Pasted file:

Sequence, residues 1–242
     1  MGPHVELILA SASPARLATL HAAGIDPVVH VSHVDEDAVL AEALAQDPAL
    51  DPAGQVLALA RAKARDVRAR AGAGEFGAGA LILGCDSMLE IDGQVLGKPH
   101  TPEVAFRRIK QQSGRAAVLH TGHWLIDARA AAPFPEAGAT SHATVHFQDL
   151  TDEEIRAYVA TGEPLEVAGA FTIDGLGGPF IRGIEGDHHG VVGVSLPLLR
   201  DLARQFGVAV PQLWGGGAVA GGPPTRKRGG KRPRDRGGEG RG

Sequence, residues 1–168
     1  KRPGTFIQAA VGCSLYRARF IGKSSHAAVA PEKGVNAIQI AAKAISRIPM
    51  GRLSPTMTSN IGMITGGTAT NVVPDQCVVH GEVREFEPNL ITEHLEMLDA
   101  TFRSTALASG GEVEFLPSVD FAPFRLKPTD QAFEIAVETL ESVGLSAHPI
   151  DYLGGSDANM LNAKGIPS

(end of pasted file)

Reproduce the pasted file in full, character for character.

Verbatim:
Sequence, residues 1–242
     1  MGPHVELILA SASPARLATL HAAGIDPVVH VSHVDEDAVL AEALAQDPAL
    51  DPAGQVLALA RAKARDVRAR AGAGEFGAGA LILGCDSMLE IDGQVLGKPH
   101  TPEVAFRRIK QQSGRAAVLH TGHWLIDARA AAPFPEAGAT SHATVHFQDL
   151  TDEEIRAYVA TGEPLEVAGA FTIDGLGGPF IRGIEGDHHG VVGVSLPLLR
   201  DLARQFGVAV PQLWGGGAVA GGPPTRKRGG KRPRDRGGEG RG

Sequence, residues 1–168
     1  KRPGTFIQAA VGCSLYRARF IGKSSHAAVA PEKGVNAIQI AAKAISRIPM
    51  GRLSPTMTSN IGMITGGTAT NVVPDQCVVH GEVREFEPNL ITEHLEMLDA
   101  TFRSTALASG GEVEFLPSVD FAPFRLKPTD QAFEIAVETL ESVGLSAHPI
   151  DYLGGSDANM LNAKGIPS